This burden leads many women to turn to informal labor sectors to try and cope. Children also feel the pressure and look for work in unsafe environments. In the Congo, one of the most common places that people turn to for work opportunities are copper or cobalt mines. These mines, however, elevate many hazards to the health of people and the environment. The desperation for opportunities has also driven millions of people to leave their homes. Most migrate to cities in search of opportunities.
The most vulnerable area to climate change in the DRC is the Great Lakes region, along the country’s eastern border.
This is where Plant With Purpose’s work in the Congo is based.
What would climate resilience look like for the people of the DRC? It would have to include financial opportunities to keep people from winding up in exploited labor. It would have to significantly incorporate women’s empowerment. Sustainable land use, peacebuilding, and regenerative agriculture and farming would also play significant roles.
Food forests, sustainable land use, and reforestation help build resilience.
Plant With Purpose’s vision for climate resilience in our DRC communities is twofold: First, it is for the families of the Congo to be able to have access to sufficient resources and opportunities to thrive in spite of these challenging conditions. Second, it is to heal their watersheds and ecosystems in order to mitigate climate change. The hope is for their land and lives to eventually reach a point of abundance.
Current reports paint a picture of the DRC that makes this vision seem a long way off, sometimes. But in the watersheds around Lake Tanganyika where Plant With Purpose has established programs over the past five years, we’ve seen glimpses of what is possible.
We’ve seen trees planted by the thousands and soil protected from the effects of erosion. We've seen communities participating in land and forest management with enthusiasm and hope. As some watersheds have experienced environmental restoration, they’ve also seen improvements in socioeconomic opportunities. Poverty across one participating watershed shrunk to one third of what it used to be after two years of tree planting and restoration.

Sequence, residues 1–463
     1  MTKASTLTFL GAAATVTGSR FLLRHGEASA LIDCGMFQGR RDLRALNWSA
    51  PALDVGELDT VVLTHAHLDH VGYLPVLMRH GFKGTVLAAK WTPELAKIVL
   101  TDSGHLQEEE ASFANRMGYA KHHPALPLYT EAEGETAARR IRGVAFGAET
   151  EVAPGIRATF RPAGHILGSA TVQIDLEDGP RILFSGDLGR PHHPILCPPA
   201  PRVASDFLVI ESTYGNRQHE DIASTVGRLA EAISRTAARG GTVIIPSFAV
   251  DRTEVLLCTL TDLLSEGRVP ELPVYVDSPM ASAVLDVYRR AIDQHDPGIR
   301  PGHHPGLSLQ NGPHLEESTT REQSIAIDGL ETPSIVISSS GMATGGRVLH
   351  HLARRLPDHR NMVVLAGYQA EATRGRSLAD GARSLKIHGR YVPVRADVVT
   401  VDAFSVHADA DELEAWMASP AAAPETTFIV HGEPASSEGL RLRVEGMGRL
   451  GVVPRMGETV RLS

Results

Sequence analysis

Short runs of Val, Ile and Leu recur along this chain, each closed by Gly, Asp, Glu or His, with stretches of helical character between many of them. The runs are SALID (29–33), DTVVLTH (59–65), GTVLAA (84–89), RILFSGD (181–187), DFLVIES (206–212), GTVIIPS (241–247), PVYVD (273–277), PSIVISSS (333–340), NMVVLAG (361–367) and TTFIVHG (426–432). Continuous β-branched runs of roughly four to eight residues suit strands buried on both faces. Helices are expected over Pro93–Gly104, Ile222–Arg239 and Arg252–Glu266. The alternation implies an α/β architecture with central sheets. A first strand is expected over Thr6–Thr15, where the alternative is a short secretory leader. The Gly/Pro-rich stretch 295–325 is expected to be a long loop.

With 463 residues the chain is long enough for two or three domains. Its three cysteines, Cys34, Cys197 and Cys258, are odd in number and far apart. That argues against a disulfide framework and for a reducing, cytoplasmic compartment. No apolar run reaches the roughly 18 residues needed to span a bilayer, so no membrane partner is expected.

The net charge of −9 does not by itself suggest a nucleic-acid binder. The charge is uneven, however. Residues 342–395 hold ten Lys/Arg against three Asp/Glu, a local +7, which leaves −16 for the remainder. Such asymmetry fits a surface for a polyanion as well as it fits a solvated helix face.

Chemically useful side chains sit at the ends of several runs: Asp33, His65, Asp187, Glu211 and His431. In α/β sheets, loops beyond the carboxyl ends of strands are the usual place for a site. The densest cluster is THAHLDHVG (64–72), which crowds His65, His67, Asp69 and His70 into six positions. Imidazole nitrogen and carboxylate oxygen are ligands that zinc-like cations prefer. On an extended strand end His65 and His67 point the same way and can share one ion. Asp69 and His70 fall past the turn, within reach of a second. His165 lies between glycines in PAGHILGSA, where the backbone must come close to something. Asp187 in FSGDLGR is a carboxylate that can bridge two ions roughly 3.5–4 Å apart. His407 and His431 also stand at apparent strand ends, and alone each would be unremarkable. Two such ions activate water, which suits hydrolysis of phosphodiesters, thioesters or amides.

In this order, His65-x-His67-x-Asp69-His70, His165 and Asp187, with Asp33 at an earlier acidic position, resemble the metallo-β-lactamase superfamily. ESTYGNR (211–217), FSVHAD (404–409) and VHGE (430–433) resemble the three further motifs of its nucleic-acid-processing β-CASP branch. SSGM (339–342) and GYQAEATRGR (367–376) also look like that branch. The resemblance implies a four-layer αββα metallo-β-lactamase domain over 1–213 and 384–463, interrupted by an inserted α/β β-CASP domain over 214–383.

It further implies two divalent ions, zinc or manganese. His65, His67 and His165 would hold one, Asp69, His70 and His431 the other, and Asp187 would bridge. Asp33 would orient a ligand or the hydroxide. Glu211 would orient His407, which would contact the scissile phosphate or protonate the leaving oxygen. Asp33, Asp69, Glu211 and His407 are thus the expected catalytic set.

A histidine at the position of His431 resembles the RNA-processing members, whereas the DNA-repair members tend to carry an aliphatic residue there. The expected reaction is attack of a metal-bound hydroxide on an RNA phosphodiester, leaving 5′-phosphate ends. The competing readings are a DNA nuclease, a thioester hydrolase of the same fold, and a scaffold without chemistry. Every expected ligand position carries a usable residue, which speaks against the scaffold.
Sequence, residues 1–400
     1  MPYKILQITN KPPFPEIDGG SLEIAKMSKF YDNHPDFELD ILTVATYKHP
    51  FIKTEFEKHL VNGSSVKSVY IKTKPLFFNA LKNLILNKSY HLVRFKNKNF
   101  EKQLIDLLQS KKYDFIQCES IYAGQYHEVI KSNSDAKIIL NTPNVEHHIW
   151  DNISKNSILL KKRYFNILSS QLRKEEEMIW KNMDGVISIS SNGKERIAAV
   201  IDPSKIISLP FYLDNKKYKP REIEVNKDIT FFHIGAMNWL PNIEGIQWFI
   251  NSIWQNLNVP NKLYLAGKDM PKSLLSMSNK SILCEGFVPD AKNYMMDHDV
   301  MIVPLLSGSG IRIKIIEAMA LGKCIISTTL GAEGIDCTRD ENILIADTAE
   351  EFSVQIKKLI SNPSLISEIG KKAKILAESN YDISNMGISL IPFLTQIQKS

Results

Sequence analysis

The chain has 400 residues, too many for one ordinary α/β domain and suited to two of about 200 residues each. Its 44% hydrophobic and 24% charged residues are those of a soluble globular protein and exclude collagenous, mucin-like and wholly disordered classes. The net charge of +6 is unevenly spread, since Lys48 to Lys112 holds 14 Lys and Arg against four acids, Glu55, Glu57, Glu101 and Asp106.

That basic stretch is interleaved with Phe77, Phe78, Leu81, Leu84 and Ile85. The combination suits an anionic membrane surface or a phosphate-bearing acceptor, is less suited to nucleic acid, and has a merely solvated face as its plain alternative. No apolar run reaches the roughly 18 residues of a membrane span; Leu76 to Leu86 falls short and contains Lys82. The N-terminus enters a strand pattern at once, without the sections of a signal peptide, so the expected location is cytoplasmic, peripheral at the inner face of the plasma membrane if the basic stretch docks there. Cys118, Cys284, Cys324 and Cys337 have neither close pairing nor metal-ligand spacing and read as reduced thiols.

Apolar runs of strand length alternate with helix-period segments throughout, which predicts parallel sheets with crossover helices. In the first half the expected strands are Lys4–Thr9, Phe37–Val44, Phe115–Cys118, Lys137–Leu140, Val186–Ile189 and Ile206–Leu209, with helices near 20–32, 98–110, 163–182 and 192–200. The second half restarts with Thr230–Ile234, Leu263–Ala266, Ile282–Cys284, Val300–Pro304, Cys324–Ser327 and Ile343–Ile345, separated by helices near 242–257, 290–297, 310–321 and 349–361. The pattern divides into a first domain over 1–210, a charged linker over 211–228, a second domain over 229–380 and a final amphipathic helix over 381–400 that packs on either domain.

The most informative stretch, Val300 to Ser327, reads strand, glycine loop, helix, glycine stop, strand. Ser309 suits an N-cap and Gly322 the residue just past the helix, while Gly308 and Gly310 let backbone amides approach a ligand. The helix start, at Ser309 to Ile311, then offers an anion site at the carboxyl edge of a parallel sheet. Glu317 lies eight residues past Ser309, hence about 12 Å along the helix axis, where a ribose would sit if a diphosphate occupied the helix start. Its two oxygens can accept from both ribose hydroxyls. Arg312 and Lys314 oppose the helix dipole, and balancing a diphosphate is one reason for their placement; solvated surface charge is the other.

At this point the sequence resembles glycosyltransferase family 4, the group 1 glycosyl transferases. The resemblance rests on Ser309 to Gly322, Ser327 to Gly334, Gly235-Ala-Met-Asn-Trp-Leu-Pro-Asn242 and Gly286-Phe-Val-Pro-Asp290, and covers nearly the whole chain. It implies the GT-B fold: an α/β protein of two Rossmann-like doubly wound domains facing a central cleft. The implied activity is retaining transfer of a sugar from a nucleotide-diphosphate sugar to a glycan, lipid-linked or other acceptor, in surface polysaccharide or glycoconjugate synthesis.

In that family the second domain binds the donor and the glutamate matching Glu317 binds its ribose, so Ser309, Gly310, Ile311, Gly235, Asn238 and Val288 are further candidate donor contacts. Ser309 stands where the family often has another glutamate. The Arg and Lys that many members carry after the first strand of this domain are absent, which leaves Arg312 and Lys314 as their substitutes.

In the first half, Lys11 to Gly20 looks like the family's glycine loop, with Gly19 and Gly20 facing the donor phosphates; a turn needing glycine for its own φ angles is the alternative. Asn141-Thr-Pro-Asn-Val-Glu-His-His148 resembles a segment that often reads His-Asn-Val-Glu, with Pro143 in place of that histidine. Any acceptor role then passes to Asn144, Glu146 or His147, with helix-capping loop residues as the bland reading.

Reforestation is one of our most effective strategies to build climate resilience.
The presence of a healthy forest offers so many benefits that listing each comprehensively would be a challenge. Trees attract moisture and help protect groundwater. They prevent runoff and the danger of soil erosion that accompanies sudden downpours. They also provide shade and carbon sequestration. This helps bring down the temperature in places where people live, raise livestock, and grow food.
Speaking of growing food, one of the most helpful ways we’ve helped rural populations adapt amidst the climate struggle has been growing food forests. By intercropping their crops amongst a variety of trees, farmers are able to enjoy the benefits of healthier harvests. The complex root systems of trees stimulate healthy soil, which helps harvests.
One of our targets in the Congo has been to help rural communities gain the skills and knowledge to promote sustainable land use. Because we work in partnership with locals, we see communities take their commitments to sustainable land to heart. Sustainable land use spreads throughout villages very quickly because of this partner-centric approach. The result is healthier land in several dozen Congolese communities.
To help people in the DRC achieve climate resilience, make a simple gift of $22! This contribution will allow them to receive training, knowledge, and opportunities in tree planting, forest management, and community solidarity. Make a donation by following this link.